Huguenot Colonies in the Hesse-Kassel Province of Germany. Louisendorf and Schwabendorf are in the southwest.

The next entry for Chastain is page 345. This page contains a list of sources for the chapter on Schwabendorf. Among this list is the following – “5/5966: Hutmacher Chastain 1791”. Pierre the Elder’s second son, Alexandre Chastain, was a farmer and a hatmaker (hutmacher). Alexandre died in 1793 so this could have been written by him. After a little digging, I found this in the Hessian State Archives of Marburg, Germany.

HStAM Best. 5 Nr. 5966
Freie Ausübung des Hutmachergewerbes durch den Refugié und Kolonisten Pierre Chastain zu Schwabendorf

This is the source that the authors of Hugenotten und Waldenser in Hessen-Kassel were referring to. The title translates roughly to “The Free Exercise of Hatmakers” though it says the author is Pierre Chastain, not Alexandre. This is another puzzle I’m working on. I’ve requested a copy from Marburg.

The next entry is on page 350, which is in a chapter covering the settlement of Louisendorf. I’m not really sure what’s going on in this paragraph. The best that I can make out is that Pierre Chastain, the school master, said that the new church wasn’t built very well. (I will update my awful translations with the real thing once they’re completed.)

Town Map of Louisendorf

Town Map of Louisendorf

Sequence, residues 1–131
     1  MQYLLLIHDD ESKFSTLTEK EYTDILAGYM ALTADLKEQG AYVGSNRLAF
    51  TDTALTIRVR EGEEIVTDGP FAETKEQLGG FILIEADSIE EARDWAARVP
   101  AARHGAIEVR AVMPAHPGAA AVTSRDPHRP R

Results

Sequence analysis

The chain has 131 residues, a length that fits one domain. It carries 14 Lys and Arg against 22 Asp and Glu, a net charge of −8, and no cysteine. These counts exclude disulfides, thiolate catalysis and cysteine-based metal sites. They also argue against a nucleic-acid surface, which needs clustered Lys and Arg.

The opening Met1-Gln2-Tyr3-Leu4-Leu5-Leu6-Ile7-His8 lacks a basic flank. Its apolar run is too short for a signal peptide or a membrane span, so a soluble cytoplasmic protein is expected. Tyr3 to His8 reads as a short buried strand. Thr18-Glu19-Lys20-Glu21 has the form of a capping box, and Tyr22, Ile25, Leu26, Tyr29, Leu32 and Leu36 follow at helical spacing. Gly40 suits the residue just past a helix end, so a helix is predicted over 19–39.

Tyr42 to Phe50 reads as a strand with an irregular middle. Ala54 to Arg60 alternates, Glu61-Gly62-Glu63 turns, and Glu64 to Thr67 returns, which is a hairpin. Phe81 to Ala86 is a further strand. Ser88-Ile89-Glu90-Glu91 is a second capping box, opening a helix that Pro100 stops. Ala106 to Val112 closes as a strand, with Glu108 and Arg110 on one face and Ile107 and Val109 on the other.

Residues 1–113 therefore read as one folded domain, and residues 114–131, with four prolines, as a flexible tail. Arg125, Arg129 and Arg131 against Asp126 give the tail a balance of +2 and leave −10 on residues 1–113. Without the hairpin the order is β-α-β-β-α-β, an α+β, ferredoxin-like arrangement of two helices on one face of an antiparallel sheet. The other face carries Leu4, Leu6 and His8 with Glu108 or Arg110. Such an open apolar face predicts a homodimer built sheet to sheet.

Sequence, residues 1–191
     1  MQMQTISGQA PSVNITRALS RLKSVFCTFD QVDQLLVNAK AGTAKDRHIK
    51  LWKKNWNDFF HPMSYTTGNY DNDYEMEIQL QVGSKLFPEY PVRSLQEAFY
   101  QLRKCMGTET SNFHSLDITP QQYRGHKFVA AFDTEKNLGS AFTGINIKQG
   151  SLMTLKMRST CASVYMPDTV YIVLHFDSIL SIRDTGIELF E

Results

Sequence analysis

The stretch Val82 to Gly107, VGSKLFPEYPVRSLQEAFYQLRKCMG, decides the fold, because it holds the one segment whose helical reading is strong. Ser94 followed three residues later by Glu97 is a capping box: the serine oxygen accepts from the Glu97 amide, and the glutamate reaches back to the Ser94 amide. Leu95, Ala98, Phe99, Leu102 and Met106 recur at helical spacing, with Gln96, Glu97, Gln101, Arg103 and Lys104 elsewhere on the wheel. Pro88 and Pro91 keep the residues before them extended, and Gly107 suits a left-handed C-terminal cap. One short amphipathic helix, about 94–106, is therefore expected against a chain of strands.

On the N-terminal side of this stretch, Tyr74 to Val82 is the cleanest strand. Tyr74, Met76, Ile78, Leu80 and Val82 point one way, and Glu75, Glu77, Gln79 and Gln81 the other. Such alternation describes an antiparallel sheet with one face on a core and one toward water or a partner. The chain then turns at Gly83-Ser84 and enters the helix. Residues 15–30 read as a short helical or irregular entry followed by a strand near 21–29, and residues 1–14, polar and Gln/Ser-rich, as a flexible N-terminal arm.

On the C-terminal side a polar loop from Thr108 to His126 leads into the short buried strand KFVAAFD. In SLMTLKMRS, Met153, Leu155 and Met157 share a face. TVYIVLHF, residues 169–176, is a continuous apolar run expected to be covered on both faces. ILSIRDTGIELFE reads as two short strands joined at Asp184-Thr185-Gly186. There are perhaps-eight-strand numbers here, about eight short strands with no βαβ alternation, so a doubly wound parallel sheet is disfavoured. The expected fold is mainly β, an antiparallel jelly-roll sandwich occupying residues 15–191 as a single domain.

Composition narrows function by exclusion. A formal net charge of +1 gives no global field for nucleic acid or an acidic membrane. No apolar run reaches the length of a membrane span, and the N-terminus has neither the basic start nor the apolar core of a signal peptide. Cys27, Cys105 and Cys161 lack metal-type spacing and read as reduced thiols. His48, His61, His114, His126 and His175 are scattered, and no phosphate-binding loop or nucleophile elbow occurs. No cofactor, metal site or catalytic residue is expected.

Page 363, another sources page, mentions the following item as a source for the Louisendorf chapter- “5/9838: Armand und Chastain 1701”. I’ve also found this one in the Hessian State Archives in Marburg.

HStAM Best. 5 Nr. 9838
Angeblich unrechtmäßig von Pierre Chatain in Besitz genommene Kolonieportion der Witwe des Pierre Armant in Hammonshausen (Louisendorf)

I’m not sure what this translates to, but I believe it was written by Pierre Chastain in Louisdendorf in 1701. I’ve requested a copy of this from Marburg as well.

The final entry for Chastain is on page 461. This section lists all of the known schoolmasters for the villages settled by the refugees. In Louisendorf, Pierre Chastain was the schoolmaster from 1692 to 1715. Previous to this, the earliest record I had of Pierre was him moving from Louisendorf to Schwabendorf in 1717. This list of schoolmasters takes us 25 years further in the past, and we now have Chastain records going all the way back to the 17th century.

Schoolmasters of Louisendorf. Currently the oldest record I have of my Chastain line.

Schoolmasters of Louisendorf. Currently the oldest record I have of my Chastain line.

If Pierre was old enough to be a schoolmaster in 1692, and the mass exodus of the Huguenots from France didn’t occur until 1685, only 7 years prior, then Pierre is the missing link between Germany and France. I now know for certain that he came from the Dauphiné Province. My hope is to continue researching until I discover the exact town. There may be an even older trail to pick up in France as I dig greedily back towards the 16th century.